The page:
Time after time, prospective clients ask us to quote for a “5000 word site” or a “20 page job”. From their perspective, it’s a perfectly rational way to get prices from a few web copywriters. But does it make sense?
A few examples might help:
- Six words – we recently wrote a short, six word positioning statement for Scottish Canals, along with about 150 words of supporting copy. We built two very focussed one hour workshops, delivered them and wrote the copy. It took about two days to get there.
- Complex, creative copy – based on page count and word count, this single page Tamdhu website should have only taken an hour or so. It actually took us a couple of days. Why? We did a tonne of research to get our facts right – and the tone of voice needed a lot of cosseting.
- Simple editing – we’re working on a huge intranet project. After a load of initial interviews to understand the client’s processes, we’re now editing copy to pare back repetition, update tone of voice and generally tighten things up. We’re happy to deliver each 1000 edit in around two hours – getting on for 4,000 words a day.
So when you ask us “How much?”, don’t be surprised when we reply, “It depends” – and promptly ask you for a lot more information.
We don’t charge more just because you need your copy quickly; if we’ve got capacity, we’ll slot your work into our schedule.
But the cost will creep up if we have to work through the night or cancel the weekend.
6. The number of revisions you’ll need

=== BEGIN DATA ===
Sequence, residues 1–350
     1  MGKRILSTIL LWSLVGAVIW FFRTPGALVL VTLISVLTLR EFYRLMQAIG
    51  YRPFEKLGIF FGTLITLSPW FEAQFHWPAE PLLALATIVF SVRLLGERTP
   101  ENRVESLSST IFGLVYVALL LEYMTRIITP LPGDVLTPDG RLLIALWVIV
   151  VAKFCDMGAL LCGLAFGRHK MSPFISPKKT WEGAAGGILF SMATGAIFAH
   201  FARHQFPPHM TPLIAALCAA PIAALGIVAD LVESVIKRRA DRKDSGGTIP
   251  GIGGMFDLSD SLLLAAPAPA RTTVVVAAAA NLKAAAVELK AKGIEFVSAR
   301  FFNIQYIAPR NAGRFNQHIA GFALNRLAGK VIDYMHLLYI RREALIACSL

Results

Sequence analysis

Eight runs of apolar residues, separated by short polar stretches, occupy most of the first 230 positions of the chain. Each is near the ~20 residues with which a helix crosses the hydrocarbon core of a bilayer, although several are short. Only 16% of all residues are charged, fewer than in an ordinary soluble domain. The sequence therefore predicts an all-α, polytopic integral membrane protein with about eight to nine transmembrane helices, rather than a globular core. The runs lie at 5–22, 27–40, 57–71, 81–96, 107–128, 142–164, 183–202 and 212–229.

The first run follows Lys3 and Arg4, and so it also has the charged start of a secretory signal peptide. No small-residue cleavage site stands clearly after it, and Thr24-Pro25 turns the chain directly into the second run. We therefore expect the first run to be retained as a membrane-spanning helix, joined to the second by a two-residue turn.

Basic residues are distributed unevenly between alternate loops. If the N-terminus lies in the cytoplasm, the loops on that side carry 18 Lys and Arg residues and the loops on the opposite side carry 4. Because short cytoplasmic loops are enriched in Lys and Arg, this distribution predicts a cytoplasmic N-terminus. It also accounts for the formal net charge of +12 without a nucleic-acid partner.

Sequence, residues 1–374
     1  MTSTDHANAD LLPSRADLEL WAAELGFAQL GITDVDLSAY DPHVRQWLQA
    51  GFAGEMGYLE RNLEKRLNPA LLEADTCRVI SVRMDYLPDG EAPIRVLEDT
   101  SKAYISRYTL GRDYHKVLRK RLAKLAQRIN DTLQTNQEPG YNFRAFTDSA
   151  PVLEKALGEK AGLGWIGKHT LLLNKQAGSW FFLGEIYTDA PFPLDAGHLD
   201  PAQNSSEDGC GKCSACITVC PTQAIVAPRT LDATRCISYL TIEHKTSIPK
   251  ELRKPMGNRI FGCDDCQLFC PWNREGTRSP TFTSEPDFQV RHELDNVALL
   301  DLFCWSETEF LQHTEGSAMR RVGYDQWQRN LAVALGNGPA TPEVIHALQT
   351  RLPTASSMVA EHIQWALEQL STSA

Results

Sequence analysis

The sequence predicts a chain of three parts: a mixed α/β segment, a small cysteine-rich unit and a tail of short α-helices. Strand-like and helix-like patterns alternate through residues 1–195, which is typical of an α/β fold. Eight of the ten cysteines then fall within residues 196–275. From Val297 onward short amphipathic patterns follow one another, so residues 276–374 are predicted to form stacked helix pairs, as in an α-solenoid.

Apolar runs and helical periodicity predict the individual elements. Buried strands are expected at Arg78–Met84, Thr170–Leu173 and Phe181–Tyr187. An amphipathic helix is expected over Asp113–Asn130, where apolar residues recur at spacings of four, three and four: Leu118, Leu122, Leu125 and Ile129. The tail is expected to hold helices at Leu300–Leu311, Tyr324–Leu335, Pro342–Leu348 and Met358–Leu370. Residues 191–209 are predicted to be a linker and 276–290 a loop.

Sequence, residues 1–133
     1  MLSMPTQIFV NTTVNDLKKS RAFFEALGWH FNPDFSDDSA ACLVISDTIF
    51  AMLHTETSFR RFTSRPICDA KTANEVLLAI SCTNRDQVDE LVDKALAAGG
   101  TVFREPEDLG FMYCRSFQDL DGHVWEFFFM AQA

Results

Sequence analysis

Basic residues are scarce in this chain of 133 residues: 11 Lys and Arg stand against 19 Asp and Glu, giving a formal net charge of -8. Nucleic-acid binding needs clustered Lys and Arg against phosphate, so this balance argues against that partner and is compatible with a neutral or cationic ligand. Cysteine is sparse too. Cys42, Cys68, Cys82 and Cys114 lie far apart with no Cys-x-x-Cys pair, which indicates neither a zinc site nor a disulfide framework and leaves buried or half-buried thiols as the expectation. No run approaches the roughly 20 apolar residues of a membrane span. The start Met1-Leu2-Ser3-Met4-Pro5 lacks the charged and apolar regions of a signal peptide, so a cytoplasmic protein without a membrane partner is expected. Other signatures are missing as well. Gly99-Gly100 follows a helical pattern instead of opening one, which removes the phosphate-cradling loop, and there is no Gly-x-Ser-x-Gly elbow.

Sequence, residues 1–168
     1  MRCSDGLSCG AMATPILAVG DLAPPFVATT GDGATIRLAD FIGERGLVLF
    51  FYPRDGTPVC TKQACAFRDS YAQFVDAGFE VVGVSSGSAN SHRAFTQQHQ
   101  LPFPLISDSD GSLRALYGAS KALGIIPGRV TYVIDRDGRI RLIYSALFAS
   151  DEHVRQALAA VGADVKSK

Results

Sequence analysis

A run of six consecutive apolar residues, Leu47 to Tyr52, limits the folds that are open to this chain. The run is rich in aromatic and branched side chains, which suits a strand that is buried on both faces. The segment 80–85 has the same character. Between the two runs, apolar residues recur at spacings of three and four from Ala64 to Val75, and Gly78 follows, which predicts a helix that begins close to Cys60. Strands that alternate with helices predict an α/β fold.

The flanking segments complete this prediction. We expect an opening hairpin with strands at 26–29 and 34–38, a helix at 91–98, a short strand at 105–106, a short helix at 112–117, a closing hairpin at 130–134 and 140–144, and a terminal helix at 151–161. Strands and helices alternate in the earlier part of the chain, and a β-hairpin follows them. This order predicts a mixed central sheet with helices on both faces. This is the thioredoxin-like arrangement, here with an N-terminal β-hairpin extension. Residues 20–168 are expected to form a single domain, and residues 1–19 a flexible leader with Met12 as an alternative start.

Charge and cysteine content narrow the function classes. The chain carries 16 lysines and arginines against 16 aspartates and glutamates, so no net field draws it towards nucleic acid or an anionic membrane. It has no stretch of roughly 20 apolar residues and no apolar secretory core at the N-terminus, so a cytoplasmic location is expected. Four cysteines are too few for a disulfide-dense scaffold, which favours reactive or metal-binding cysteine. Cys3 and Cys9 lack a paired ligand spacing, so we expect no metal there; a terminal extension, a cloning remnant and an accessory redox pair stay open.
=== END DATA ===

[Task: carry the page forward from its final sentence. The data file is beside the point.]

We usually build three sets of amends into our costs – as long as the project remains within the initial scope. Almost all our projects are put to bed with one or two rounds of amends.
If you need more, we simply charge for our time.
A word of warning: our financial sector clients tend to need a few more rounds of amends. That’s because of the regulatory framework they work in – coupled with unusually large review groups. In many cases, we’ve been known to take documents up to version 12 and beyond – accommodating tweaked product details and legal advice along the way.
A steady nerve and mastery of Word’s tracked changes come in very handy indeed.
7. Your payment terms
Almost all our clients – even the big, scary ones – work to 30 day payment terms, or thereabouts. But some don’t.
Guess who pays the higher rate?
If you really want to keep the costs down, ask us to quote based on an up-front booking fee (typically 25% of the project cost). You pay when we start your work, followed by the remainder within 30 days of us finishing the copy. You might be surprised how much you can save.
8. Search – who’s doing what?
We'll supply page titles and meta descriptions as part of our standard fee. However, we need the hard keyword data in the first place – usually from your optimisation team or your search agency. If you need us to carry out the research, just let us know. (For complex search projects, we’ll bring in a partner agency.)